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My Homemade Tomato Fertilizer Recipe Perfected Over 30 Years

My Homemade Tomato Fertilizer Recipe Perfected Over 30 Years

There is nothing quite like biting into a deliciously fresh and homegrown tomato.

Tomatoes are a staple in almost all edible gardens and for good reason.

Keeping your tomato plants happy throughout the growing season is one way to ensure a bountiful harvest.

Tomatoes are exceptionally heavy feeders, meaning they require close attention to quality feeding if you desire a bumper crop. Both healthy plant and fruit growth should be a priority when feeding tomatoes.

The two main nutrients that tomatoes require are phosphorus – which helps make big and beautiful flowers and fruit and calcium which prevents blossom-end rot. This condition, marked by a sunken hole on the flower end marks calcium deficiency.

Blossom end rot on a homegrown tomato
A tomato with blossom end rot due to calcium deficiency.

In addition, tomato plants also need some nitrogen… but not too much.

If you provide too much your plants will be big and bushy and green but you won’t have any flowers and therefore no fruit!

Here’s how I show my tomato plants lots of love before I reveal my homemade tomato fertilizer recipe perfected after growing tomatoes for 30 years.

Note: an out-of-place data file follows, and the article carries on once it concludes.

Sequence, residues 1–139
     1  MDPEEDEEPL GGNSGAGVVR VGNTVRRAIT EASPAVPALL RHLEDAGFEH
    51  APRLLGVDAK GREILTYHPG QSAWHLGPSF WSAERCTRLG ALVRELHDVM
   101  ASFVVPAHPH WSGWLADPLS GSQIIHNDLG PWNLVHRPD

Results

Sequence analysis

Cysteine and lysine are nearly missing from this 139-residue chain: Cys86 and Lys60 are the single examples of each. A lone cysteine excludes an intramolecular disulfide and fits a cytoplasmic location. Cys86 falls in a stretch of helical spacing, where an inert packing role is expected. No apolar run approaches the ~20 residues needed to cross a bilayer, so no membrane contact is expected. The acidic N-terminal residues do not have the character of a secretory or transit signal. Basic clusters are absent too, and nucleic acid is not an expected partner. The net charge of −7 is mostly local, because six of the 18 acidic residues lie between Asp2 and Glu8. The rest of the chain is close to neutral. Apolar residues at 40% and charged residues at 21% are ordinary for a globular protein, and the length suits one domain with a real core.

Prepare Your Tomato Beds

Before you even think about fertilizing your tomato plants it is essential to be sure that you fill your garden bed with ample nutrition.

I amend my beds prior to planting any tomatoes using composted chicken manure or cow manure. 

I also add in some worm castings which you can retrieve from your home vermicomposter. Here’s our guide to starting your own worm bin at home. It’s perhaps the best way of home composting so you should seriously consider starting one.

If you don’t have your own worm bin at home, you can purchase a 15 pound bag of organic earthworm castings from this page on Amazon.

Worm castings from homemade vermicomposter

Vermicompost is loaded with nutrients as well as a wide variety of microscopic microorganisms that help tomatoes gobble up food easily while keeping soil-dwelling pests at bay.

Another exceptional and easily available additive is eggshells.

I wash and dry my shells and grind them into a powder that is easily blended with the soil. Eggshells give your soil a burst of calcium which tomatoes use to protect themselves against blossom end rot.

To learn more about using eggshells in the garden and more brilliant ways to use the shells (including why you should eat them!) have a read of our article here.

Check your beds for good drainage and ensure that there is no compacted soil that will get in the way of proper drainage.

You should be able to push your fingers into the soil without too much force. If you can’t do this, it is likely that your soil is compacted and needs to be broken up.

The Best Time To Fertilize

When thinking about fertilizing your tomato plants for robust growth the best strategy is to fertilize when planting and then wait a bit for your plants to get settled into the garden bed.